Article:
The editor of The Journal of Spinal Disorders & Techniques has received millions in royalties for spinal implants from medical device maker Medtronic Inc. At the same time, the journal he edited regularly published positive research articles involving Medtronic spinal products, including its <"https://www.yourlawyer.com/topics/overview/Medtronic_Infuse_Bone_Graft">Infuse Bone Graft product.
According to The Milwaukee Journal-Sentinel, Thomas Zdeblick took over the editorship of the journal in 2002. Since then, the patent royalties Zdeblick received from Medtronic have amounted to more than $20 million.
The Journal-Sentinel’s analysis of articles published in The Journal of Spinal Disorders & Techniques found that during Zdeblick’s tenure, the publication became ” a conduit for positive research articles involving Medtronic spinal products.” All the while, it was never disclosed to readers that the journal’s editor was receiving payments from Medtronic.
The Journal-Sentinel’s investigation found least 70 such articles in 56 issues of the journal from 2002 through October 2009. These included
â€¢A 2005 study by researchers in France found favorable preliminary results with Medtronic’s Maverick artificial disc.â€‚
â€¢In 2007, Medtronic paid Zdeblick $144,000 in royalties for the Maverick disc, according to Grassley’s letter.
â€¢In August 2009, Zdeblick co-authored a study that involved Medtronic’sâ€‚ Premier Anterior Cervical Plate as well as the plate of another company, Synthes. The study involved using two different kinds of bone grafts with the plates. Zdeblick got $654,000 in Premier royalties from Medtronic in 2007.
â€¢Zdeblick also co-authored three articles, in 2002, 2003 and 2005,â€‚ involving Medtronic’s Infuse and the LT-Cage, a device that paid him $1.4 million in royalties in 2007. None of those studies disclosed that he received millions of dollars in royalties from Medtronic.
â€¢A 2002 study in which Zdeblick and the co-authors concluded that Infuseâ€‚ and the LT-Cage led to a solid union and high fusion rates. In the 2003 study they found that INFUSE may become “the new gold standard.”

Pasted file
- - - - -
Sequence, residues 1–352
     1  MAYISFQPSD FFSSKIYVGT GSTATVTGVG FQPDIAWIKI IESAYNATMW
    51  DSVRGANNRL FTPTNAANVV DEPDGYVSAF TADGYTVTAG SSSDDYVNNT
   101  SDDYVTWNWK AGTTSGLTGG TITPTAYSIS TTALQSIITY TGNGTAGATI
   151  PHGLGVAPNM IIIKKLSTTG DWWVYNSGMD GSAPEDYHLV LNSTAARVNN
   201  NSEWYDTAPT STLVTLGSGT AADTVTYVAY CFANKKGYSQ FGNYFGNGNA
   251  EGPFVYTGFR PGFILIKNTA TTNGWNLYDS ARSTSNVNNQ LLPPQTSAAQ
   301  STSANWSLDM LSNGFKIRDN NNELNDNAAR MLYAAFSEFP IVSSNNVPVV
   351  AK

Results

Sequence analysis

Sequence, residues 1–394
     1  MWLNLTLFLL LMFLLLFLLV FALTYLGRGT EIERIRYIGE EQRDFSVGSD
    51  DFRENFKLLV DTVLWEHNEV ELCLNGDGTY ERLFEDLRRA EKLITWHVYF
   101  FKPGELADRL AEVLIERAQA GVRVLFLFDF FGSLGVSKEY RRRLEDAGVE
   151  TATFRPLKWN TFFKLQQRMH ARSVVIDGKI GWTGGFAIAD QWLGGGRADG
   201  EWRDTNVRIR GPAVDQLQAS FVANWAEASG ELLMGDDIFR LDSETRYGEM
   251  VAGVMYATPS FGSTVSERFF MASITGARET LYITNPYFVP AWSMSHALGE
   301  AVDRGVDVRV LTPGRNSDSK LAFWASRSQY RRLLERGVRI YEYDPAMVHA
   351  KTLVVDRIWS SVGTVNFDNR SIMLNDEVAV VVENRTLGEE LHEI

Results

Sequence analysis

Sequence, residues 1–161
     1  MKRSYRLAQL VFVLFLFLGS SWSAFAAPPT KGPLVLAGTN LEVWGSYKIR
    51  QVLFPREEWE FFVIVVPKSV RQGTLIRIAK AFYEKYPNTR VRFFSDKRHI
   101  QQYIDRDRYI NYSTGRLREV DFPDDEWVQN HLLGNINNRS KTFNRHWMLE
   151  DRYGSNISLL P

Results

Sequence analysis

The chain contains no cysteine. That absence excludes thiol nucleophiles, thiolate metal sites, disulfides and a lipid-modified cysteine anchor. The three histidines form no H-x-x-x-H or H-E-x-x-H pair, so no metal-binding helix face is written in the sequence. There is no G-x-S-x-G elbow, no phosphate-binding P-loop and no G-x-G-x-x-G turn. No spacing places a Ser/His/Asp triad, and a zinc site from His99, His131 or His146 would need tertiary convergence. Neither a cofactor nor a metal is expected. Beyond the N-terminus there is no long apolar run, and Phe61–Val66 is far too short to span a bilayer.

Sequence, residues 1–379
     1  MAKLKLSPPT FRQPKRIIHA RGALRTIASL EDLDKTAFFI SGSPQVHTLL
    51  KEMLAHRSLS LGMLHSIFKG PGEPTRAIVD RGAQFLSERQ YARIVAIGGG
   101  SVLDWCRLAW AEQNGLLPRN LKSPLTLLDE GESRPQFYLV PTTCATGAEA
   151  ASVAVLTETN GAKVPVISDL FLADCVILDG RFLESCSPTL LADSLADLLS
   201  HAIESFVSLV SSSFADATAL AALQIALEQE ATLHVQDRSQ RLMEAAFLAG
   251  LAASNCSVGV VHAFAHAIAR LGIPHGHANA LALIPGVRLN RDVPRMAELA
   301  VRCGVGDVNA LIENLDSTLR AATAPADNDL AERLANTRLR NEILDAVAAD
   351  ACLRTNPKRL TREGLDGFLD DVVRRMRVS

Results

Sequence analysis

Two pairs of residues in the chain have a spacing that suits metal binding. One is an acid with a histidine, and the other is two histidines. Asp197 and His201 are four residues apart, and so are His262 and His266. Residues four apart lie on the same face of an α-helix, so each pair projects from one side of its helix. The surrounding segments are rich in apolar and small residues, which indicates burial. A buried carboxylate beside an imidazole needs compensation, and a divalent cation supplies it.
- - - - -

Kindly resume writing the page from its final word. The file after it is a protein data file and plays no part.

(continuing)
â€¢A 2006 study where different group of authors concluded that Infuseâ€‚ when used with a hip bone graft significantly improved the success of the fusion surgery with minimal risk to the patient. The 2005 French study of Medtronic’s Maverick artificial disc that did not involve Zdeblick concluded it was a “promising therapeutic technique.”
According to the Journal-Sentinel, it was also not disclosed that many of the co-authors on these articles also had financial relationships with Medtronic.
Infuse Bone Graft is approved to treat a spinal condition called Degenerative Disc Disease, as well as open fractures of the tibia. It is also approved for use in two dental bone grafting procedures: sinus augmentation and localized alveolar ridge augmentation.
In July 2008, the Food & Drug Administration (FDA) warned that the use of Infuse and similar products had caused serious problems when they were used off-label in cervical spine (neck) surgeries. Patients reported difficulty swallowing, breathing and speaking. Several required emergency treatment, including tracheotomies and the insertion of feeding tubes, as well as second surgeries.
In an interview with the Journal-Sentinel, Charles Burton, vice president of the Association for Ethics in Spine Surgery, questioned the propriety of Zdeblick’s articles being published in his own journal. He likened Zdeblick’s editorship to “fox in charge of the chicken house.”
Likewise, Charles Rosen, head of the Association for Medical Ethics clinical professor of orthopedic surgery at the University of California, Irvine, School of Medicine questioned any notion that Zdeblick’s relationship with Medtronic would not influence his editorial decisions, telling the Journal-Sentinel that Zdeblick is “only human.” Of note, Rosen’s group advises that no one who serves on the editorial board of a journal receive more than $50,000 from a device or drug company.
According to Journal-Sentinel, Zdeblick declined to comment on its investigation. However, the director of communications with the company that publishes The Journal of Spinal Disorders & Techniques maintained that the journal’s “coverage of Medtronic products is in no way tied to or impacted by any separate relationship between the company and Dr. Thomas Zdeblick.”